The Labour (National Minimum Basic Wage) Order, 2016

Minimum Wage FAQs

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Category: Jobs, Local News, Politics

Comments (36)

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  1. Anonymous says:

    Vote maker. No other logic for it. As if the cartels need a reason to push prices up further. Another own goal for the sake of power.

  2. Anonymous says:

    I may just reopen my business now that I don’t have to pay $10 per hour to a pothead chatter monkey I like the new $6 minimum wage

  3. Hopeless says:

    I have seen some BS in my life on this earth but this beats it all. It seems that the PPM government and their advisory committee is living in another world. Can the PPM government, the Minister, Ministry or DLP answer the following questions:

    1- Does the government not consider allowing employers in the hotel, food and beverage industry the ability to ‘skim’ up to 25% from gratuities to be a form on misappropriation?

    2- Gratuities paid by customers at establishments are paid to employees for good service, tasty food or strong drinks, NOT to be used to pay a minimum wage- this is robbing employees of hard earned money.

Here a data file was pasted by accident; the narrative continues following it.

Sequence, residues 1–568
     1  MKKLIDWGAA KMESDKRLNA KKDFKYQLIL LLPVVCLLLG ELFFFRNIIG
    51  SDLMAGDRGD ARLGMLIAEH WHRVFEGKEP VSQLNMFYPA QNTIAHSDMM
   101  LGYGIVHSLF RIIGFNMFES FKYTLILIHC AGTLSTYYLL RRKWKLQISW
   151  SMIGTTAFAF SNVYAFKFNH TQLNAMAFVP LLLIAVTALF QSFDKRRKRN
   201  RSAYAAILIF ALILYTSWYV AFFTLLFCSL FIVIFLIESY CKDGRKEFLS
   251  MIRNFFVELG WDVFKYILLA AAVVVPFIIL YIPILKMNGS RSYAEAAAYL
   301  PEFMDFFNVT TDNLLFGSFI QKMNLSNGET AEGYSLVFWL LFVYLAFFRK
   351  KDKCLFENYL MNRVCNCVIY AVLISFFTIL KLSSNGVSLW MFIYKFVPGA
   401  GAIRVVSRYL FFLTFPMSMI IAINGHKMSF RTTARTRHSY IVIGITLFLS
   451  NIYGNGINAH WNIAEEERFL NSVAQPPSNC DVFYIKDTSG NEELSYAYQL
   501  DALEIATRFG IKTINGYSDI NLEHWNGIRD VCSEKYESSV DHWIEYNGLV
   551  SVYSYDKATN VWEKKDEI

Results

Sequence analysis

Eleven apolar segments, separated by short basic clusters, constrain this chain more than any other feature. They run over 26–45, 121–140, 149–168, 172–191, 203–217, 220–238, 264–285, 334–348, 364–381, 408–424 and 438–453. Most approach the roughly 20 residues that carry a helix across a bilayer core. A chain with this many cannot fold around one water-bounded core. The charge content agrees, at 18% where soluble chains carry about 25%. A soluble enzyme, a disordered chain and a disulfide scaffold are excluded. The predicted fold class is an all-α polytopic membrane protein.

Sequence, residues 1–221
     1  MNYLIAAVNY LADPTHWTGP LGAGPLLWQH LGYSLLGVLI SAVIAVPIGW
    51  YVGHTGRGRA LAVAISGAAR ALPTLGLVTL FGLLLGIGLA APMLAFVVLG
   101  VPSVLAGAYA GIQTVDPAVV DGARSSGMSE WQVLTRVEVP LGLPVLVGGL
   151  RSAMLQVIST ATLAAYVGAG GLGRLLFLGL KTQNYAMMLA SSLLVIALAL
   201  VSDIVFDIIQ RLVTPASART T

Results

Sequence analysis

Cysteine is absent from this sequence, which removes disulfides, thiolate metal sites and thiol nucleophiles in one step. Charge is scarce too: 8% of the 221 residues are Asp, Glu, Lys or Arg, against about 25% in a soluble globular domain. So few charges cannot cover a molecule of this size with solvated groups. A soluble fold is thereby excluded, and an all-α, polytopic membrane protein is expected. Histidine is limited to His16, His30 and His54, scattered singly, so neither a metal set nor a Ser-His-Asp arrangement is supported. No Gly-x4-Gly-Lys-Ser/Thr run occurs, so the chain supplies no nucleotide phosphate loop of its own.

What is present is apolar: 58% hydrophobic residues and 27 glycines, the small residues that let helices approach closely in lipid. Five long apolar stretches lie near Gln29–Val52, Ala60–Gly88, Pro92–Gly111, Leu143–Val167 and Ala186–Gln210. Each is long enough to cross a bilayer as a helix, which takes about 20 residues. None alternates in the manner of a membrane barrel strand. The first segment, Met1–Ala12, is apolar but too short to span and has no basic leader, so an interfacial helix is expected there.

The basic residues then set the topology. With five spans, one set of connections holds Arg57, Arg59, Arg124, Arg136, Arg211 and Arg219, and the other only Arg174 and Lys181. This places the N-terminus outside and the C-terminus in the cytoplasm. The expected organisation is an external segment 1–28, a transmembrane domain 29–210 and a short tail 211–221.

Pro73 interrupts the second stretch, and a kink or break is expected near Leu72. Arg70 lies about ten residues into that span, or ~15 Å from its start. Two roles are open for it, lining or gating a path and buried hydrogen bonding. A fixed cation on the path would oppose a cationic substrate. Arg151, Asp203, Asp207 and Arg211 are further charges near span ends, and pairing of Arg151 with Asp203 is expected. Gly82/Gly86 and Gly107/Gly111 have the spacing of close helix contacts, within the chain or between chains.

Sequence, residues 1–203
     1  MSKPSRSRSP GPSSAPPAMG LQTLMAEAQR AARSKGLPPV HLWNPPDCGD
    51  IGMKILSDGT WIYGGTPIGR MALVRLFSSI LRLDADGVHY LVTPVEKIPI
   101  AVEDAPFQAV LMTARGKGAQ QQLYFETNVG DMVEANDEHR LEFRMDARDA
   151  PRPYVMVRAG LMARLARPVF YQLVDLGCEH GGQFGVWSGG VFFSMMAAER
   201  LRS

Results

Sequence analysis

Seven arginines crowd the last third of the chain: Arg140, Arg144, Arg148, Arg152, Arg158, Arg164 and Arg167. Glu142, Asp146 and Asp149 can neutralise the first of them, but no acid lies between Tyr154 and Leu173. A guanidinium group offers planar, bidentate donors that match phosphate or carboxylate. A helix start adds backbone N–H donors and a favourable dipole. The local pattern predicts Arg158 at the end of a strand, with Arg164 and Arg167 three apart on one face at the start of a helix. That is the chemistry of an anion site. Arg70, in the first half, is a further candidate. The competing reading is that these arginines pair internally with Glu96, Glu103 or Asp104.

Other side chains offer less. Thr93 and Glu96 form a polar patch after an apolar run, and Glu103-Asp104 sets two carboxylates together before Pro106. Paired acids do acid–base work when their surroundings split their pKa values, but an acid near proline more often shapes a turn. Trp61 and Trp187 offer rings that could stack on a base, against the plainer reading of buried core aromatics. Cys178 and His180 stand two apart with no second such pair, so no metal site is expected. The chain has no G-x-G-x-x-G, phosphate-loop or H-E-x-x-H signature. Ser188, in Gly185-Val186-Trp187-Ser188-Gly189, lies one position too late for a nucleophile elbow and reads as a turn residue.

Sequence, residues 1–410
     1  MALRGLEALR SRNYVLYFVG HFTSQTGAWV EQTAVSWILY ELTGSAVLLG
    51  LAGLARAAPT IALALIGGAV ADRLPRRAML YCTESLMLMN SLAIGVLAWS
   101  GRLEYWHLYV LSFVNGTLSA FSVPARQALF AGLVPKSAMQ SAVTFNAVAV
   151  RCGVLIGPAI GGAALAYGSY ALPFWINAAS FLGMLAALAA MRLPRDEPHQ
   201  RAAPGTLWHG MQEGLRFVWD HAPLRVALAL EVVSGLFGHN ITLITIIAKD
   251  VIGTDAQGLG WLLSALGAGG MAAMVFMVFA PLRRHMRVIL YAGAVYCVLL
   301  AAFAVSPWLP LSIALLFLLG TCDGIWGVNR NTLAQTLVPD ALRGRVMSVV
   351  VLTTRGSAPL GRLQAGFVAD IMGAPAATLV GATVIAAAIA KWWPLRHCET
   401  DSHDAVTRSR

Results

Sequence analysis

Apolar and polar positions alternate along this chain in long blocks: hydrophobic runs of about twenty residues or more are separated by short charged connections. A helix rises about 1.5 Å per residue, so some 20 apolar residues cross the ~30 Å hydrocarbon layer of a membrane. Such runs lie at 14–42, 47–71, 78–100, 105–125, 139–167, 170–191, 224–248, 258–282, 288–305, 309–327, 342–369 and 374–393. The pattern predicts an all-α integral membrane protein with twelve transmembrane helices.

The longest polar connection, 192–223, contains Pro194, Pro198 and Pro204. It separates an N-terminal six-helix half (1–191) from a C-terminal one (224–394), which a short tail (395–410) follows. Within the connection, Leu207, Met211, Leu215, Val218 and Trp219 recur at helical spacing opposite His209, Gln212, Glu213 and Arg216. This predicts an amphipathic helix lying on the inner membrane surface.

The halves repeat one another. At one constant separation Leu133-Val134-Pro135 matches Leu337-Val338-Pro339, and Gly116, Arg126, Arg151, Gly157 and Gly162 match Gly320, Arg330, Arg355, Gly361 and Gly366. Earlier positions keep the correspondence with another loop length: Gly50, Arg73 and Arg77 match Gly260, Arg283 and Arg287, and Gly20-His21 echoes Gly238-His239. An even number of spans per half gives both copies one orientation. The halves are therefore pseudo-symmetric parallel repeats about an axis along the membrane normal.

3- Did the government not consider that by allowing this skimming to take place; could in effect reduce a service employees gratuity payments by as much as 50%

    4- What policy is in place to determine if ALL gratuities collected are being properly paid out to employees, including that not more than the 25% is used as to pay wages- as is currently happening.

    5- Has government considered the possible increase in firings because some employers simply cannot afford to pay CI$6 and will have to reduce workforce.

    6- Has government considered the many small entrepreneurship type businesses (mobile car wash, salons, barber shops, small restaurants, corner stores) that will have to lock their doors because of the struggle to make ends meet.

    7- Has government increased funding to the NAU to assist persons who will be affected by these lost of jobs.

    8- Did the MWAC consider other employee benefits i.e. full medical, full pensions, transportation cost, transportation provided (car)?

    9- Has government and the Ministry sought to increase staffing in the labour office? If not this needs to be a priority as the service at the labour board has gone belly-up the past 2 years and I cannot fathom how hard working people will be serviced with the level of unprofessional help that comes from DLP.

    10- Finally, has government given consideration/thought/concern/care about how merchants (supermarkets, insurance, lights, water etc.) will pass this additional cost on to US the consumers.

    This is by far the WORSE decision that this government has made and this has sealed their fate with winning any election in 2017. Shame on the PPM, shame on the Minister, shame on the Ministry, shame on the Wage Advisory Council. SHAME…SHAME…SHAME……

  4. Anonymous says:

    Well, it’s a start.